The last great film of 2008 (huh?) is Carlos Reygadas' Silent Light, which opens today for a two-week run at Film Forum after festival raves in 2007 and somewhat quixotic official theatrical debut at MoMA last fall. It's something like a flesh world passion play. A love triangle, between a husband, the wife of his many children, and a neighbor woman (later seemingly exiled) who looks uncannily like his wife, it's set in one of Mexico's secluded Mennonite community — timeless, if you like, for the clothes and rituals unchanged in centuries. Silent Light is, from its opening sunrise to closing sunset, attuned to the natural world, which in Reygadas's stately pace and sensual sound design, seems to hum: growing grass, rushing water, looing cows, chewing children. Though the journey through stations of lust, guilt, martyrdom and forgiveness at times perhaps indulges the grandiosity of the male ego at its self-prostration, the only word Silent Light's aesthetics is rapture.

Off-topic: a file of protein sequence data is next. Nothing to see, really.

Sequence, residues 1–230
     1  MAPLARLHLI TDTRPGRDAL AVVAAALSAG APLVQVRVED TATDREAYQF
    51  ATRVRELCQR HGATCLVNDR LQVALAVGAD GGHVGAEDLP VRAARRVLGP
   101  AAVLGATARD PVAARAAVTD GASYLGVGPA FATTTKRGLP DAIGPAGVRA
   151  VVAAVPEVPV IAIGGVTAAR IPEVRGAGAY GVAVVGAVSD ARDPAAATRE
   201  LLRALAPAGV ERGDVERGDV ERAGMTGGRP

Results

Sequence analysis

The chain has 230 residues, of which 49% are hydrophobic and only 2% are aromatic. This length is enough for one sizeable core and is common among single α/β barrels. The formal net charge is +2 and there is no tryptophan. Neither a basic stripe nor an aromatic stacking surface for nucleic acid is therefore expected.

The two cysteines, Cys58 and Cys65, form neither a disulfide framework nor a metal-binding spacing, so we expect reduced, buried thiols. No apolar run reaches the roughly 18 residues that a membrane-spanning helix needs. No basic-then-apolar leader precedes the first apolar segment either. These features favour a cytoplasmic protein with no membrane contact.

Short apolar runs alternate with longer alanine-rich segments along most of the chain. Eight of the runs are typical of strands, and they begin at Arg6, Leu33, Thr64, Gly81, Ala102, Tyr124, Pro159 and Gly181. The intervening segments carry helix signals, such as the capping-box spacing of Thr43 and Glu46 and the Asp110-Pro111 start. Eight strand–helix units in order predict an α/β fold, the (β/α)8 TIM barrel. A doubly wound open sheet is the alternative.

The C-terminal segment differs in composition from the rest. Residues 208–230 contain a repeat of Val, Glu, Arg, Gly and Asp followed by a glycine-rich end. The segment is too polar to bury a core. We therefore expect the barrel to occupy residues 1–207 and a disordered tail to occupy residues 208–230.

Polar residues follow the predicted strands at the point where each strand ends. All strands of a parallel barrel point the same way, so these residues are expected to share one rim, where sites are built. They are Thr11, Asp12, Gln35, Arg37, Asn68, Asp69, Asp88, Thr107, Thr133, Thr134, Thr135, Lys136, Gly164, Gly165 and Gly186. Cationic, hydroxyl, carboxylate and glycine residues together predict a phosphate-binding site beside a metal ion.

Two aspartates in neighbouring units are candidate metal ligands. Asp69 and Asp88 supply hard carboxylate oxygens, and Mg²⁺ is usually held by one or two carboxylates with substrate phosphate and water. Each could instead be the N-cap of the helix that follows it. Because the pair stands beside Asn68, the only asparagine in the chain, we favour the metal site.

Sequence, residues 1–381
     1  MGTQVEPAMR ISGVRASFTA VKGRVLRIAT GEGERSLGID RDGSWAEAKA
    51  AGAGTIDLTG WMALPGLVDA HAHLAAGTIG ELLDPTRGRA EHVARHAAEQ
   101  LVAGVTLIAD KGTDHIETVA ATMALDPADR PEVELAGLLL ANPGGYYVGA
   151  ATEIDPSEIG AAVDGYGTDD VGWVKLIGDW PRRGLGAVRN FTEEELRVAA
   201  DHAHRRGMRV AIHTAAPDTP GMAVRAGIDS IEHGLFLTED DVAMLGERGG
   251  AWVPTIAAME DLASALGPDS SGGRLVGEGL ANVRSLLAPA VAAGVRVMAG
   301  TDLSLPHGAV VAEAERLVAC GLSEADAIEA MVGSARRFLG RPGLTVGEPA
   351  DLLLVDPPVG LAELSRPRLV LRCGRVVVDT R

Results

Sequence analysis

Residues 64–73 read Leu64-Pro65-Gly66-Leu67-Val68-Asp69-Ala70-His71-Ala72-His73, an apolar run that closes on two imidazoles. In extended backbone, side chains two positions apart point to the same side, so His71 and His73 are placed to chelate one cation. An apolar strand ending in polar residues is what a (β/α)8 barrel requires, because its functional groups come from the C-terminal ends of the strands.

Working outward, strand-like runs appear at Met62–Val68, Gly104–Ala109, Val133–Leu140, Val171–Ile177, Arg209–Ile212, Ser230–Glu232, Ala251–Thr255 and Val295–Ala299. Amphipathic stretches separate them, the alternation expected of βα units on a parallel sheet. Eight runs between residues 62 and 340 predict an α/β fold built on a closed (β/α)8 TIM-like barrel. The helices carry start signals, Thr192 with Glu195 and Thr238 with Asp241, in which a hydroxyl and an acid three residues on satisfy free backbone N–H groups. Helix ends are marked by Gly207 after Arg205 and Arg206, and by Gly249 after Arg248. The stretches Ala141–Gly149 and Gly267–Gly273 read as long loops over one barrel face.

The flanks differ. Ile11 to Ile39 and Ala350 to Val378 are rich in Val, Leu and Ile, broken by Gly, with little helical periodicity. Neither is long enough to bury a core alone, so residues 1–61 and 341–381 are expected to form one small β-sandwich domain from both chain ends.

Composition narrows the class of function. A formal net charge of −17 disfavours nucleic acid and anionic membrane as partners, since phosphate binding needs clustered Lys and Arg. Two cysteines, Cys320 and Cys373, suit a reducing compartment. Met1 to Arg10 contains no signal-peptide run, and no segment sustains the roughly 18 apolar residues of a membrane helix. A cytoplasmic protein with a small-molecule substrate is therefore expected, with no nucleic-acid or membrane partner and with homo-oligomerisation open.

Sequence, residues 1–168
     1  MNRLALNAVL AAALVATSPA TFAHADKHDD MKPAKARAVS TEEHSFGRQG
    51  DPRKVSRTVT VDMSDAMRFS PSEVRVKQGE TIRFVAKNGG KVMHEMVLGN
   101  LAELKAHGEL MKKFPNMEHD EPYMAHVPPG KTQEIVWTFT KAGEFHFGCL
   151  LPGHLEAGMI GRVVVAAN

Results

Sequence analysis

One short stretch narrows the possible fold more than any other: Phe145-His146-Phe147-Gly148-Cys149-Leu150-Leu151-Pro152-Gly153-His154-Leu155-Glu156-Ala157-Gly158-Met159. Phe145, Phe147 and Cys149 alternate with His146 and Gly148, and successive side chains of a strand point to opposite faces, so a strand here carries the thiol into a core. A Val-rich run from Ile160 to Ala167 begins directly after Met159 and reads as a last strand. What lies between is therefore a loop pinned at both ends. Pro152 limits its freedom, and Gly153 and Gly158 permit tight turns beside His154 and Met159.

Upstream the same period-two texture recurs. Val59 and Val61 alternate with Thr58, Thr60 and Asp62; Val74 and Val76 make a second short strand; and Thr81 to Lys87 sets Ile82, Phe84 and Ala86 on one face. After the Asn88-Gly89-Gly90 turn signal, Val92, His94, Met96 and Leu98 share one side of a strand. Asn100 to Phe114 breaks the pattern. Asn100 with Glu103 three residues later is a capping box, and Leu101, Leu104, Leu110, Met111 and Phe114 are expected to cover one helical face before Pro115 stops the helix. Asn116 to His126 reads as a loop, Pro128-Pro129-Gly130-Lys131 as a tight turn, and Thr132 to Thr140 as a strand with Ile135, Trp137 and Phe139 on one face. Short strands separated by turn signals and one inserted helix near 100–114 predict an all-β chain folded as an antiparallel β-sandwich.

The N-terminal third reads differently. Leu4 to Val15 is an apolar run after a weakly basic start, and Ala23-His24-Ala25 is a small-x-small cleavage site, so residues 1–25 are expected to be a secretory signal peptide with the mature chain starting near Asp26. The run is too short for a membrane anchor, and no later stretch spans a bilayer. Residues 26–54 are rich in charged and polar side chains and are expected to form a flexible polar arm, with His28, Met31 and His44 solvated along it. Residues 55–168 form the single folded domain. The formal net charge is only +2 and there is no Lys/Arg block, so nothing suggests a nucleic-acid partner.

When it played at MoMA last fall, the L's Michael Joshua Rowin, our house Reygadas booster, wrote:
With Silent Light, Reygadas adapts to the rhythm of his nonprofessional actors and their environment, employing basic camera movements and compositions (both, however, still stylistically "transcendent") so he can render his unexplained miracles (a leaf falling indoors, a sudden field of snow) all the more startling and evocative of an inscrutable god. The film's best miracle develops precisely from it — by the time Silent Light reaches its Dreyer-esque climax you'll have witnessed the growth of contemporary cinema's greatest modern primitives.